Freelancers are often surprised how much time they spend chasing invoices – you provide a service and expect to get paid on time. For the accounts departments at SMEs (small and medium enterprises) it is often a badge of honour to delay payment to the last day or longer! Invoices from freelancers can get pushed to the back of the queue with an attitude that “we’ll pay you when we are ready”.
For some businesses there may be cash flow problems where they are waiting for money to come in from their customers. The freelancer, with relatively little clout, will often have to wait until more important suppliers are paid. Having so far presented quite a negative picture, there can simply be times when people have innocently forgotten to pay you!
So what can you do to minimise the time you spend chasing invoices?
Check out the reputation of the business
It is relatively easy to find out whether a business is a sole trader or limited company. You may have had the opportunity to visit the business to get a feel for the operation – if not a quick Google search for a website, reviews of the company or a Google maps search for an address, will help. There are also plenty of websites where you can obtain a credit report, although you will probably have to pay for these. If your potential customer does have a low credit score, don’t completely write them off as there may be legitimate explanations for this. It would be worth asking for a deposit up-front if this is the case.
Invoice freelance work by email
Sending a professional looking PDF by email is a far quicker, cheaper and more effective way to invoice than by post. You can send out reminder emails in a matter of seconds with your invoice PDF attached. You can also use it as an excuse to chase people by calling them and asking “Did you get my email” or “I just wanted to check that the email had gone to the right person” etc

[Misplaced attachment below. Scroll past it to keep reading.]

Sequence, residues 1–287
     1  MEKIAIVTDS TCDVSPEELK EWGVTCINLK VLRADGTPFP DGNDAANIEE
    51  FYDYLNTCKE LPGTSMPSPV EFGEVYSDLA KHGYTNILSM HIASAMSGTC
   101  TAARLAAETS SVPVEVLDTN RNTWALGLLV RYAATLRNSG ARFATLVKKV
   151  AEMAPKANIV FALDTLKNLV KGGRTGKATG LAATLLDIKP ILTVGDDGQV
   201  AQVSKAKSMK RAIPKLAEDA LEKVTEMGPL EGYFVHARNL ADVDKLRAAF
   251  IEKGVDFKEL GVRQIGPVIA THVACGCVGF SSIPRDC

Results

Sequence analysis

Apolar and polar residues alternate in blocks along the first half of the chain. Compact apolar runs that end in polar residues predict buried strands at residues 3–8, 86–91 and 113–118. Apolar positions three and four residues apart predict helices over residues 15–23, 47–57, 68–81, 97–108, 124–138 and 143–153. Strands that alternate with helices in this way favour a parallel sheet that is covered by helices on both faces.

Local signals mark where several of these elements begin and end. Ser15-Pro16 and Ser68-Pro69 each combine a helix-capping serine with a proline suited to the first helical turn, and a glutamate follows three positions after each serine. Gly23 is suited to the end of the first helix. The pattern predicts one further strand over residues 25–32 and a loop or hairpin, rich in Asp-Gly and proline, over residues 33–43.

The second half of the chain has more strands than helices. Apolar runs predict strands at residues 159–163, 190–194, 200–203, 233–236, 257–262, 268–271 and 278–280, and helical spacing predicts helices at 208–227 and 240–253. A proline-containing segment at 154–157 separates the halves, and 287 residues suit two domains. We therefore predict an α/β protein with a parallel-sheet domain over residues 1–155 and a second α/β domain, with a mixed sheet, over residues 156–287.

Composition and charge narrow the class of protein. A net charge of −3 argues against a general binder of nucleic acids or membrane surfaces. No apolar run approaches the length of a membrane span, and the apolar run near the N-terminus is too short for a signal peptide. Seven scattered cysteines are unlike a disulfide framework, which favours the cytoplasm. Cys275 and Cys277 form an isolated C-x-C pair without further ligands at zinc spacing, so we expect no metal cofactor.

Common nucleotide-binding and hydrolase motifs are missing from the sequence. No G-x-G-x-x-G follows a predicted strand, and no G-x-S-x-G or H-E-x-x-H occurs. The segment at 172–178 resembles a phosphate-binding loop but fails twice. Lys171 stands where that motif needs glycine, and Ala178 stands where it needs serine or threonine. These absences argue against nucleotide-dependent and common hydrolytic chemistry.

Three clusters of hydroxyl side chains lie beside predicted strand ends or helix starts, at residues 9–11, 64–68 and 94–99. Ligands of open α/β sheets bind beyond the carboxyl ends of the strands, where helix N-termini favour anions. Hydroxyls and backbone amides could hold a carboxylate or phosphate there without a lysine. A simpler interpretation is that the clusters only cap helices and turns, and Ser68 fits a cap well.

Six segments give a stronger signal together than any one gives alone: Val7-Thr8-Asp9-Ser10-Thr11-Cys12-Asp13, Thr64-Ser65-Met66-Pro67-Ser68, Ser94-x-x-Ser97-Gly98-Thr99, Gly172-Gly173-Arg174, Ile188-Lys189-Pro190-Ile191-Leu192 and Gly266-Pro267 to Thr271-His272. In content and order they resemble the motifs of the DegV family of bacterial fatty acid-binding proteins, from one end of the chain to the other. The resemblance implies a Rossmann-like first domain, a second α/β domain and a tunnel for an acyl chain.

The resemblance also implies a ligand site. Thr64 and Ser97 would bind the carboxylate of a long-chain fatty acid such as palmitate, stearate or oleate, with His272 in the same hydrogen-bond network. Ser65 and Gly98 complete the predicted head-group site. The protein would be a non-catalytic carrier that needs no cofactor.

Set a deadline
It probably sounds an obvious point but ensure that you put a due date in the invoice and somewhere prominent where it won’t get missed. Ensure that it is obvious how you want to be paid and that it is a method that you customer is happy with – some businesses will not want to pay by cheque. If the customer hasn’t specified in advance how long they require before payment, then you may as well make this as soon as possible; perhaps 7 to 10 days. There is no reason why any company can’t turn an invoice around in this amount of time it is only a question of whether they are willing to!
Know your customer
The person you deal with may not be the individual responsible for paying your invoice so it might be worth contacting the appropriate ‘accounts’ person after you have checked with your direct contact. You can always politely enquire whether there were any issues with your invoice or if there is anything else you need to do to help. Get to know your customers processes – it might be for example that the company always pays their invoices on a Friday and yours is due on a Thursday, in which case you know to wait an extra day.
Don’t wait too long
It does no harm to check the situation with your invoice a few days before it is due. You can always enquire whether the customer has got the invoice and whether it is all ok? If you wait til the invoice is overdue, it could turn out that they didn’t get it or that they had a query with it – don’t leave this avenue for potential delay open if you can possibly help it.
Don’t stop chasing
Follow up emails with phone calls. Speak to the person who deals with you directly and ask them to chase it. If this fails speak to the ‘accounts person’ directly. If this fails, speak to the boss. If it has got to the stage where people don’t answer the phone to you then call from another number or try the switchboard. Don’t sit back and do nothing – keep chasing!
In most cases unpaid invoices for freelance work is down to miscommunication and/or incompetence. The more on top of things you are in terms of due dates and lines of communication, the more likely you are to head off problems before they escalate.